By: Jeremy Balan
The California Horse Racing Board’s Medication, Safety, and Welfare Committee Dec. 14 moved forward three measures to adjust training regulations more into line with rules currently employed for racing.
During the committee meeting Wednesday at Los Alamitos Race Course, CHRB members Madeline Auerbach and Alex Solis, along with CHRB executive director Rick Baedeker, ended up recommending that the full board consider changing rules regulating the use of whips during training, as well as the use of “non-steroidal anti-inflamatory drug substances.”
If the full board approves the proposals during its Dec. 15 meeting, they will be sent out for a 45-day public comment period.
Under the proposals, rules regarding whip use during training would be altered in two ways. The first would require exercise riders only use “riding crops,” which feature “popper” type whips that are currently used for racing. The second would carry over from racing to training the whip rule that only allows three consecutive strikes before giving the horse an opportunity to respond to the urging.
Solis immediately brought up concerns with how the three-strikes rule would be enforced during training without video recordings of every workout.
“In the mornings, who is going to keep track of the violations?” Solis asked.
“It is an issue and I’m not sure how we enforce this other than on a random, spot check videoing basis,” Baedeker said.
California Thoroughbred Trainers executive director Alan Balch also expressed concern with how the three-strikes rule would be enforced during training.
“It will be very difficult to survey (training) properly and not be accused of singling people out,” Balch said. “I’m not sure what the answer is there.”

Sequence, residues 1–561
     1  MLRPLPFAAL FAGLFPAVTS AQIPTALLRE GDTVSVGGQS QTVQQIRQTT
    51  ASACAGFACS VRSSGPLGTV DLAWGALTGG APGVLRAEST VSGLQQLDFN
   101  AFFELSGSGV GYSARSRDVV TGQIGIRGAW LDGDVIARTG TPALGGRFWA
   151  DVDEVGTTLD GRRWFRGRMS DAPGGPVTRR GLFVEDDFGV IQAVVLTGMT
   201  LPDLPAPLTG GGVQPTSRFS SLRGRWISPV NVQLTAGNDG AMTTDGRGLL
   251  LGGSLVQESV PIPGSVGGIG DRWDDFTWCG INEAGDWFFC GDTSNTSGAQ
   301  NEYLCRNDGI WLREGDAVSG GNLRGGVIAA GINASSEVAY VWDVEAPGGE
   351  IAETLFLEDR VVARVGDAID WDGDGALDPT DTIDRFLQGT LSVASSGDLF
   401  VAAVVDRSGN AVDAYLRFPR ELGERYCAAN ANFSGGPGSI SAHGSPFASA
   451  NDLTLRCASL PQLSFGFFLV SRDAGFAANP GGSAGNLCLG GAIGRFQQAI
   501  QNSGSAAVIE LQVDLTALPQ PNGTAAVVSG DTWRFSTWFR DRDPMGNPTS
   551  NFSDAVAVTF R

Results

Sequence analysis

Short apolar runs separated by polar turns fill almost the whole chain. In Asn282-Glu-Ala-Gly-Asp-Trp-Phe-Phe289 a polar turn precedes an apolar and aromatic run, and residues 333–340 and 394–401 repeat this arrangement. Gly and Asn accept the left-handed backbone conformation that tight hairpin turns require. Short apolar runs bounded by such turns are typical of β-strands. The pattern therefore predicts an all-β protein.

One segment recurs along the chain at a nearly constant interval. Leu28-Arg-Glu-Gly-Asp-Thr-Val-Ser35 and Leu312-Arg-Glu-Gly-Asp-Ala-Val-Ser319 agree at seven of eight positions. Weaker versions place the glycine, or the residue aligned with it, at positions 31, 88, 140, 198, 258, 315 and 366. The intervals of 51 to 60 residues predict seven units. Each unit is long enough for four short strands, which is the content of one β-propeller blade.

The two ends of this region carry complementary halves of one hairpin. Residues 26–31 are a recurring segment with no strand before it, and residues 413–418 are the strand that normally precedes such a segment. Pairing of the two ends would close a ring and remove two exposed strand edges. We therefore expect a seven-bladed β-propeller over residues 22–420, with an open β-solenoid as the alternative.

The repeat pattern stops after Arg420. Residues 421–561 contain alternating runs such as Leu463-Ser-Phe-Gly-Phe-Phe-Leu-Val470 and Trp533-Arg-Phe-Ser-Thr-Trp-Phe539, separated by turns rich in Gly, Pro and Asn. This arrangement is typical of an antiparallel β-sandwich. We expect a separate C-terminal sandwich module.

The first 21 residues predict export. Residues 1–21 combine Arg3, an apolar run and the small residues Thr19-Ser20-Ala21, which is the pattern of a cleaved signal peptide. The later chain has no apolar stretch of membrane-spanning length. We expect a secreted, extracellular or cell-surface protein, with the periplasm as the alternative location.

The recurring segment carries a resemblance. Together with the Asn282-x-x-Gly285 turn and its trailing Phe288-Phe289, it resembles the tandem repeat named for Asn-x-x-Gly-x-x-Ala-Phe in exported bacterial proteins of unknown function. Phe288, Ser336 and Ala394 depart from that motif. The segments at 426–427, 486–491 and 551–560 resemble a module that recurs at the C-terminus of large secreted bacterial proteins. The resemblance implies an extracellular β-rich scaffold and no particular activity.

Baedeker said, because of the public comment period, the CHRB would have time to iron out exactly how the regulations would be implemented.
“I must admit we haven’t thought through the practical applications of this part of it,” Baedeker said. “I’d remind everybody that we’re taking this to the full board to send this out for public comment, so we do have ample time to come up with a plan.”
Regarding NSAIDs, both Auerbach and CHRB equine medical director Rick Arthur expressed an interest in regulating all medical treatments for training on the same level as race days, but noted restricting NSAIDs was only a first step.
Baedeker also acknowledged that the idea to be more restrictive regarding medication use during training was at least in part in response to a rash of horse deaths at Del Mar this summer.
“This proposal follows a series of meetings that CHRB commissioners and staff … have had with all of the stakeholders following the Del Mar meeting, where as everybody knows, the number of catastrophic injuries was tragic,” Baedeker said. “Everybody understood, if we have another season like that, it could have a very severe impact on future Del Mar meets and even the industry as a whole.”